The Genesis and Development of Mobile Learning in Europe

The Genesis and Development of Mobile Learning in Europe

Agnes Kukulska-Hulme, Mike Sharples, Marcelo Milrad, Inmaculada Arnedillo-Sánchez, Giasemi Vavoula
DOI: 10.4018/978-1-60960-481-3.ch010
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In the past two decades, European researchers have conducted many significant mobile learning projects. The chapter explores how these projects have arisen and what each one has contributed, so as to show the driving forces and outcomes of European innovation in mobile learning. The authors identify context as a central construct in European researchers’ conceptualizations of mobile learning and examine theories of learning for the mobile world, based on physical, technological, conceptual, social and temporal mobility. The authors also examine the impacts of mobile learning research on educational practices and the implications for policy. Finally, they suggest future challenges for researchers, developers and policy makers in shaping the future of mobile learning.
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Mobile learning has evolved from a researcher-led, specialist endeavour, to an everyday activity where mobile devices are personal tools helping people learn wherever they are, through formal training or informal support and conversation (Kukulska-Hulme et al., 2007). Even so, the effective design and development of mobile learning applications and experiences, and their evaluation, are still core activities where specialist expertise, and the initiatives and insights of teachers and learners, have important roles to play. From our perspective as researchers based in Europe, we consider it valuable to highlight and synthesize the innovative design, development and evaluation practices that have characterised European projects over the past two decades. We see this as a step towards building up a more detailed picture of how the field of mobile learning is developing in various parts of the world, given that motivations and conditions are often very different (Rao & Mendoza, 2005; Abdel-Wahab & El-Masry, 2010).

Our expertise in mobile learning includes the founding and current Presidency of the International Association for Mobile Learning and leadership of, or substantial involvement with, major projects and studies including HandLeR (Sharples, 2000; Sharples, Corlett & Westmancott, 2002), MOBILearn (Lonsdale et al., 2004), Mobile Learning Organiser (Corlett et al., 2005), Caerus (Naismith, Sharples & Ting, 2005), Case Studies in Innovative e-Learning Practice (Kukulska-Hulme, 2005), Mobile Learning Landscape Study (Kukulska-Hulme et al., 2005), Myartspace (Sharples et al., 2007a; Vavoula et al., 2007; Vavoula et al., 2009), Personal Inquiry (Anastopoulou et al., 2008; Scanlon et al., in press), MUSIS (Milrad & Jackson, 2008), the Treasure Hunt (Spikol & Milrad, 2008), AMULETS (Kurti et al., 2008), The mobileDNA (Arnedillo-Sánchez, 2008; Byrne, Arnedillo-Sánchez, & Tangney, 2008), LET´S GO (Spikol et al., 2009; Vogel et al., 2010) and MOTILL (Arrigo et al., 2010).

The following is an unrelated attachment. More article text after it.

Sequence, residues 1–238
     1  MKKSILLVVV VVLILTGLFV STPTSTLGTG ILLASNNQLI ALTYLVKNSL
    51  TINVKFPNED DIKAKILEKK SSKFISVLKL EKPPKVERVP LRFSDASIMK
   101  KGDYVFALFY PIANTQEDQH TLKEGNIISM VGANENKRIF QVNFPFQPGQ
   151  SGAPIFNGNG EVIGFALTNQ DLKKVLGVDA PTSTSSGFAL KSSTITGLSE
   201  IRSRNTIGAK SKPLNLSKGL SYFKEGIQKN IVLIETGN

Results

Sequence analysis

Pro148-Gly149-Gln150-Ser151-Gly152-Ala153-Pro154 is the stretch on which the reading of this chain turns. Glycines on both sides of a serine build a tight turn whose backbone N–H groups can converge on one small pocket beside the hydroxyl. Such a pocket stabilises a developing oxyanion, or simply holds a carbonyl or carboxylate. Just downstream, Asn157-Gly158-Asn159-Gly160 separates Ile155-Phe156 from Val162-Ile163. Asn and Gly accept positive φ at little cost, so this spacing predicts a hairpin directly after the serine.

As mobile learning continues to challenge the boundaries imposed by traditional classroom learning, it raises questions about its significance in relation to wider ambitions to improve education and exploit technology in furthering that aim. What shifts in pedagogical and theoretical perspectives have been observed? To what extent are e-learning policy and initiatives taking account of research project results and the potential of mobile learning? We examine the evidence, and highlight issues and barriers to more widespread uptake, such as provision of teacher training. Throughout the chapter, we identify more general lessons learnt from European mobile learning R&D to date. Although rooted in European research, the particular ways of thinking about technology, design or evaluation, may be transferable elsewhere – we leave it to other researchers and practitioners to make those judgments.

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